N. Strabane group awarded $1.6M for pond damage

  • By Scott Beveridge June 21, 2013
A homeowners association in North Strabane Township has been awarded $1.6 million in Washington County Court for damages to this pond caused by runoff from Canon-McMillan School District’s sports and recreation complex. - Scott Beveridge / Observer-Reporter Order a Print

A Washington County jury Thursday awarded a North Strabane Township homeowners association $1.6 million for damage to a pond in a neighborhood hit by runoff from a Canon-McMillan School District construction project.

The jury found the district violated the state Stormwater Management Act by allowing sediment from a 64-acre sports and recreational facility built in 1998 to drain along McDowell Lane and into the pond owned by Glencannon Homes Association Inc., nearly destroying it, said Canonsburg attorney Phillip J. Binotto Jr., who represented the homeowners in the case.

“The jury, they were so mad at the township and school district, they wanted to send a message they are not above the law,” Binotto said.

The jury ordered the school district to pay 40 percent of the verdict and the township 60 percent for its failure to install adequate drains along the road.

It’s believed to be one of the largest judgments ever awarded a plaintiff in Washington County, court officials said. They said it’s likely the highest Washington County Court judgment since a jury ordered Washington Hospital and two of its physicians to pay $18 million in a negligence case filed by Lori Slider of Canonsburg over the care of her son.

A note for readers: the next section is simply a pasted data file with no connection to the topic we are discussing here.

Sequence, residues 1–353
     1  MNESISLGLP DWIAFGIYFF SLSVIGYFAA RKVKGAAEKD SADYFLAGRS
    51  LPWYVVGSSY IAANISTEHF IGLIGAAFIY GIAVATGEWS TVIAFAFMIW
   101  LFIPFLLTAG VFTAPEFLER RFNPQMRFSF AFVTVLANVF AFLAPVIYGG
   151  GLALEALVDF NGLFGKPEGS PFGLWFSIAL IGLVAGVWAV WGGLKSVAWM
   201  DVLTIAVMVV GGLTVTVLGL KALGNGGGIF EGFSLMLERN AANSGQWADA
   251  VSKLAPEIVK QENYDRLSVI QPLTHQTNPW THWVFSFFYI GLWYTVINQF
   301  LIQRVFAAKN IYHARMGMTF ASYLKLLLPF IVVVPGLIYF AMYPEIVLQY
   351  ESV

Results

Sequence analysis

The jury in the Glencannon case deliberated 9 1/2 hours over two days before reaching a verdict in the eight-day trial before Washington County President Judge Debbie O’Dell Seneca.

The association sued the district and township in 2010 after runoff from the upstream sports complex followed an unnamed stream feeding the pond off Huntington Creek Road, causing its amount of sediment to rise from 36 percent to 57 percent, court records show. The cost to drain and remove the sediment was estimated at $250,000, the record states.

The homeowners argued the pond is a real estate marketing tool that adds to the resale value of their property. The $1.6 million will be set aside for current and future repairs, Binotto said.

Canon-McMillan School Board President Darla Bowman-Monaco said the district is weighing its option to appeal the verdict to Commonwealth Court.

“It’s going to be a trying time for Canon-McMillan,” Bowman-Monaco said.

She said the district also is facing a reduction in the amount of real estate taxes it receives under a reassessment of the value of The Meadows Racetrack & Casino in North Strabane. She said local taxpayers might see a real estate tax increase next year to cover the losses.

Township Manager Frank R. Siffrinn said the board of supervisors had yet to see the verdict and would need to discuss it with legal counsel before commenting.

Scott Beveridge has been with the Observer-Reporter since 1986 after previously working at the Daily Herald in Monongahela. He is a graduate of Indiana University of Pennsylvania’s fine arts and art education programs and Duquesne University’s master of liberal arts program. He is a 2004 World Affairs journalism fellow.


blog comments powered by Disqus

E. Washington woman pitches ‘Pitsburgh Plaid’ to city council

Could this week’s Mystery Photo be the first day of school?

Vanishing ink: Removing unwanted tattoos is a growth industry

Washington, Waynesburg take part in Small Business Saturday

Changing of the guard at Brownson House

Black Friday still a big shopping event

South Strabane votes down bunk houses

Counties, fed up with state budget impasse, explore feasibility of withholding funds

Local housing authority’s policy predates federal ‘no smoking’ initiative

Washington County helps 2000 Turkeys finish strong, surpass goal